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Unsure how to help a suicidal friend

I have a question on behalf of a friend of mine. For context, she is in her early twenties and so am I. She’s been suffering with a range of mental problems for as long as she can remember. The most prominent are depression, cptss and borderline. For as long as I’ve known her (about 8 years now), she’s been suicidal as well.

We have become rather close and I know she trusts me as much as she can allow herself to trust anyone. I try to be there for her whenever she needs me and I do think I’ve been an important factor in her aborting a couple suicide attempts.

However, over the past few years I have gotten to know what lies at the heart of her problems, and I’ve learnt just how much she is hurting every single day. (I know that as someone who is not in her situation I cannot possibly fathom what she is going through, but I mean that I understand it as much as anyone in my situation could.) Furthermore, I know that her therapists say that it will take a very long time before she will start to feel good again, if it happens at all.
She is a great person and I want her to live. I want her to be happy and safe and succesfull in life.
But I’m doubting whether I’m doing the right thing when I convince her to hold on. I’m not sure anymore whether I’m doing it for her or for me.

For her therapy she has been given a set of rules to abide that should make the healing process more effective (things like no alcohol, take your meds and don’t hoard them, no self-harm) and she’s not been following these rules lately. Today her therapists told her (very explicitly, which I found both weird and a bit scary) that she had to make a choice: Either follow the rules and live, or die.

Like I said, I want her to be okay and so I’m very tempted to steer her towards following the rules and living, but I don’t know if that would be the right thing for her. Can I justify convincing her to hold on? And if so, does anyone have suggestions for things that I can do that may help her?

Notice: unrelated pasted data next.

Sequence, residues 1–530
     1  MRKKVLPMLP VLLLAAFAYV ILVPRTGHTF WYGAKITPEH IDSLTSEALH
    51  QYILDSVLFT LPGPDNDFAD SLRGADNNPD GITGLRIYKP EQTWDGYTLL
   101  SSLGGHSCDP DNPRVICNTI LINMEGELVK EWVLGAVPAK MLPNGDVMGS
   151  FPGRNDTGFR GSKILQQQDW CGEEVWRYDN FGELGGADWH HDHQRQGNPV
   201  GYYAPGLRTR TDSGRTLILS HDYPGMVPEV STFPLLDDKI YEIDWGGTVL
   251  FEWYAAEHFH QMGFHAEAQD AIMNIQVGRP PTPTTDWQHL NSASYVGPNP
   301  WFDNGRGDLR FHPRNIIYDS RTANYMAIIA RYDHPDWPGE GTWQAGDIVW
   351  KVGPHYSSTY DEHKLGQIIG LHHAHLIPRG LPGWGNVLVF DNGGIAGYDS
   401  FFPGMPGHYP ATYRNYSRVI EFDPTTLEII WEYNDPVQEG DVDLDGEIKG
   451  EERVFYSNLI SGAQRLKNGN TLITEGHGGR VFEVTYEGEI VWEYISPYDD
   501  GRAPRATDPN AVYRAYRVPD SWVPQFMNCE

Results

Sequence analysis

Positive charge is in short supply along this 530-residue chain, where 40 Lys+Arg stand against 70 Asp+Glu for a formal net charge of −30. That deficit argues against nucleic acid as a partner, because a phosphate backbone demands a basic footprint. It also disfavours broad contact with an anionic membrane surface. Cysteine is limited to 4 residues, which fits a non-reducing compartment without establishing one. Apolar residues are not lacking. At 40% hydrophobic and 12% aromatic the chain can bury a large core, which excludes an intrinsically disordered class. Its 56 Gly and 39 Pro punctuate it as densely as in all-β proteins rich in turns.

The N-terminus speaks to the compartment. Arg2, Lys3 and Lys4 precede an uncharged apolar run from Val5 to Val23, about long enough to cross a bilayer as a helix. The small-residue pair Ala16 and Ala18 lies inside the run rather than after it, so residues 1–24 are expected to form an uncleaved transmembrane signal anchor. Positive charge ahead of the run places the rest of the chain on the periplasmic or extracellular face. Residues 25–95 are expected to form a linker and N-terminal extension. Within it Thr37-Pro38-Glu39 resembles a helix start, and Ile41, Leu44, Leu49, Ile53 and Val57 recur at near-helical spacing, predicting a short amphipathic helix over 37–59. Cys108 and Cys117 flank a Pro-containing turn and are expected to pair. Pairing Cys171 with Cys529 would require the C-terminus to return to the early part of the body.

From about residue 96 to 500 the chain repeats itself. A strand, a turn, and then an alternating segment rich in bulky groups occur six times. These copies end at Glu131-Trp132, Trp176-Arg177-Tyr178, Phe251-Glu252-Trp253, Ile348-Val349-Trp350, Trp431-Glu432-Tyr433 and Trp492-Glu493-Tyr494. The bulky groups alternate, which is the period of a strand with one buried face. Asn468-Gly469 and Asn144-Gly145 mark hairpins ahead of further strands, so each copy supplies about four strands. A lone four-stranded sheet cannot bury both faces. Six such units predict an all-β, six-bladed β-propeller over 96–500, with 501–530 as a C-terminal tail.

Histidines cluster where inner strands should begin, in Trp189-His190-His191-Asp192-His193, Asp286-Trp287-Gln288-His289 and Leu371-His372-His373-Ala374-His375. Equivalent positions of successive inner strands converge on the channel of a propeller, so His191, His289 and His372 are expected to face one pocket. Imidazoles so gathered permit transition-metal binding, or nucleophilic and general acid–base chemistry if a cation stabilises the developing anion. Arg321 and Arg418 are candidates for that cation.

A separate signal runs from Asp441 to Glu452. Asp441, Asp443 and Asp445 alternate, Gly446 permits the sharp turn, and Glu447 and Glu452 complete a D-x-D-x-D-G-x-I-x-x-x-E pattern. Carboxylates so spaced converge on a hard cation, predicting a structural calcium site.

Thanks

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Hey @Walther,

Thank you so much for being here. AND for being such a supportive friend. It sounds like there’s a lot of trust between you two, which is definitely precious and needed while battling with suicidal ideation and struggles such as traumas and depression.

Like I said, I want her to be okay and so I’m very tempted to steer her towards following the rules and living, but I don’t know if that would be the right thing for her. Can I justify convincing her to hold on? And if so, does anyone have suggestions for things that I can do that may help her?

First off, I think you’re already doing a lot by listening to her, discussing about those things and caring about her. The things she’s struggling with can be very isolating. From a personal perspective, I can tell that when I’m at my worst and feel very hopeless, I don’t really need advices or practical tips. I just need someone I trust to hear what I have to say, to acknowledge it so I could feel less alone with the pain I’m feeling. It sounds that, as a trusted friend, you’ve been doing this for a long time, and that’s truly awesome.

With that being said, I also can’t help but finding quite harsh the methods that her therapist is using. I’m not a mental health professional, and I can “understand” the point of making someone face their responsability and the choices they are facing, but this approach can also create a lot of guilt that’s not needed and make someone feel worse. In my opinion, this kind of approach need a lot of trust, and a professional is not always that person (even though I don’t know the circumstances around your friend’s therapy - if it was their choice at first, etc.). If i’m fully honest about it, I even find her therapists words quite judgmental - which shouldn’t happen in a therapist office. They may have a psychological degree or whatever, but they’re not Nostradamus. They don’t know how long it’s going to take for your friend to be better (“or if it happens at all”: did they say that? - if yes I wonder why she’s even a therapist, and can only recommend you to encourage your friend to see someone else). No one recovers the same way, regardless of what this person learned in some books. Same with the “rules”. On the paper, it sounds good (?), but it depends on how it’s been approached, and who decided of it. If it’s only to point out what she can’t stop yet - things that objectively take TIME - and say things that are obvious but also without any subtelty… well, maybe it might be good to see another therapist. [rant:off, sorry! Can’t help feeling a bit concerned when I read this, and it hits home in some way]